Welcome to The Spread, I’m Matt Raebel.
I can honestly say that I didn’t expect the hysteria around options traders on Reddit to go away in a week, but I am surprised at just how intensely the furor has persisted. Some are framing this as a “David and Goliath” moment, a point in history when amateur traders – many of them presumably unemployed because of the pandemic and jaded by the current economic system – struck out against wealthy hedge funds using Robinhood, a trading platform that prides itself on bringing financial inclusivity to Average Joe investors. The appropriateness of that analogy is debatable, but it has gained traction nonetheless.
In case you’re hazy on some of the details, here’s the scoop: over the past couple of weeks, mostly amateur traders bought stocks and single-stock options on struggling companies using trading platforms like Robinhood. That drove certain stock prices up and caused losses for anyone who had short positions in those stocks – though some argued that institutional or prop trade money contributed to the upward momentum, as a lot of orders for 10,000-share blocks were placed around the same time. In any case, a lot of hedge funds ended up looking worse off than the Duke brothers at the end of “Trading Places.” GameStop wasn’t the only company that had their stock jump, but it’s the one that became emblematic of the whole issue.
U.S. Treasury Secretary Janet Yellen met with top officials from the SEC and the Fed this week to discuss the related stock market volatility and if the U.S. government should intervene. From the looks of it, the SEC may already have gotten started. A lot of the newbie traders involved got the idea from trading communities on social media, including Reddit, a huge site that sees over 52 million active users daily. The SEC has reportedly started scanning social media and popular websites like Reddit looking for signs of fraud and misinformation, although the regulator has not confirmed that report. Users on Reddit’s infamous trader community WallStreetBets even created a thread to greet the SEC interns” viewing the page.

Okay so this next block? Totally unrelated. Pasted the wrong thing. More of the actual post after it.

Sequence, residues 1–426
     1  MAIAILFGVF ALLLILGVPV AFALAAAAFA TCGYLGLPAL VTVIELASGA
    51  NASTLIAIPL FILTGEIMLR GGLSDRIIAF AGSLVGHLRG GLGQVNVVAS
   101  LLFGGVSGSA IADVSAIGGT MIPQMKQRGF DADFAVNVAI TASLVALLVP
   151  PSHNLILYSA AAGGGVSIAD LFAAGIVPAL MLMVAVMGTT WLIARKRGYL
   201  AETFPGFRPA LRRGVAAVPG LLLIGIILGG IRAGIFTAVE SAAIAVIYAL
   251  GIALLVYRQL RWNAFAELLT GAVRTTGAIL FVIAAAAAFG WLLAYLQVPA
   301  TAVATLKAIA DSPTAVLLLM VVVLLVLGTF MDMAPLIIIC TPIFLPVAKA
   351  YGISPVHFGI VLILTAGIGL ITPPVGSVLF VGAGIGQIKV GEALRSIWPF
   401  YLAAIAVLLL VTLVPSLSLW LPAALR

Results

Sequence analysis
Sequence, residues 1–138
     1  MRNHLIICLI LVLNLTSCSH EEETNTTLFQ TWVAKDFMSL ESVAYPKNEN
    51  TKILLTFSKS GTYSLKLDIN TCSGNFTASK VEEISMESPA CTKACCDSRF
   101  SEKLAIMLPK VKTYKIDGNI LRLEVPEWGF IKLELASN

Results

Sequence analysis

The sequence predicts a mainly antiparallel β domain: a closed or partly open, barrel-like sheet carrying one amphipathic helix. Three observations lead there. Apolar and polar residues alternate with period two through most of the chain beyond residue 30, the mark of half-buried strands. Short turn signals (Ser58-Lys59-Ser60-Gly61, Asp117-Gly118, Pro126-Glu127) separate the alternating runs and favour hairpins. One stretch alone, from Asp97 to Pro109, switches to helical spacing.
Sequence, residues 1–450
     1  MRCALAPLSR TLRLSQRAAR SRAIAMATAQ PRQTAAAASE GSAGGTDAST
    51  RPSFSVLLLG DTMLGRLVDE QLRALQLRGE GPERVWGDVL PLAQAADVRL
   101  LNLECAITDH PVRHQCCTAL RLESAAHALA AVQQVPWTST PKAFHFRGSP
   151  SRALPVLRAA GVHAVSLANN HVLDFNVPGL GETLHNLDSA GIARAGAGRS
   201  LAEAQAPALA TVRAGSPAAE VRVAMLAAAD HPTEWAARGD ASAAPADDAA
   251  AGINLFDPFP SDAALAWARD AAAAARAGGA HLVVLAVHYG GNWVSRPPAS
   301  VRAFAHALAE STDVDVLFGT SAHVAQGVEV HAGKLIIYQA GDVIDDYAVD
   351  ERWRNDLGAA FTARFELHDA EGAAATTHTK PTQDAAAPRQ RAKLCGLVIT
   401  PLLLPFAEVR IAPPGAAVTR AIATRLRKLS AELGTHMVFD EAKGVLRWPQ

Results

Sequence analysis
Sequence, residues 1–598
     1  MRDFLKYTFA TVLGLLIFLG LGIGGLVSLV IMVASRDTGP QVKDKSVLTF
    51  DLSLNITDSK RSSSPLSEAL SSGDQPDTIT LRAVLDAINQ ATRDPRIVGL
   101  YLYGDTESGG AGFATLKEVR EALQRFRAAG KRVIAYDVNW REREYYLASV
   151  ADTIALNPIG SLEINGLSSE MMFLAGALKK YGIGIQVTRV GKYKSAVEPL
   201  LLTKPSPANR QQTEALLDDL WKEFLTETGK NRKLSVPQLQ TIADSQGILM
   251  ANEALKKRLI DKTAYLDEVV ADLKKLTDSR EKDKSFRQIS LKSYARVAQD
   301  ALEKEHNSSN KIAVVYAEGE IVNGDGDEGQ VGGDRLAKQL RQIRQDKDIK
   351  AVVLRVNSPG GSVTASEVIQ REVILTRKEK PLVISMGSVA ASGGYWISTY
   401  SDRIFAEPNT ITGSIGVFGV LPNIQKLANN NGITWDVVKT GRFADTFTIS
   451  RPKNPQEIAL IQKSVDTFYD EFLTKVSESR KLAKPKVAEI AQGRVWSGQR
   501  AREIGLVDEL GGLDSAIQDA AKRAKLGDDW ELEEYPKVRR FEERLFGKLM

In other news, this week the OCC published its market data for January 2021, announcing that it cleared over 843 million contracts last month, up 61.7 percent from January 2020. Year-to-date ADV through January was up 78.7 percent from January 2020, and exchange-listed options volume increased 62.7 percent from January 2020 as well. Given recent trading, I think that it’s probably safe to assume those numbers will stay strong.
We’ve got new content up on John Lothian News dot com, including two new Path to Electronic Trading videos, one with Cboe’s Ed Tily and the other with CBOT and CME veteran John Van Der Bleek, and a new article in which I look at 2020’s single-stock options volume. Head to our site to check those out, otherwise that’s it for The Spread this week, so until next time, stay safe and happy trading.
David v Goliath narrative in GameStop story has serious flaws
Jeffrey Frankel – The Guardian
GameStop – David and Goliath or a political fable?
Simon Jack – BBC News
BlackBerry, AMC and Other Reddit YOLO Favorites That Aren’t GameStop
Sebastian Pellejero and Marco Quiroz-Gutierrez – WSJ
Reddit reveals daily active user count for the first time: 52 million
Jacob Kastrenakes – The Verge
It Wasn’t Just Small Investors Behind the GameStop Frenzy, Some Fear
Jacob Sonenshine – Barron’s
The SEC is hunting down possible misinformation on social media posts for signs of fraud in Reddit-driven trading frenzy, report says
Shalini Nagarajan – Markets Insider
OCC January 2021 Total Volume Up 61.7 Percent from a Year Ago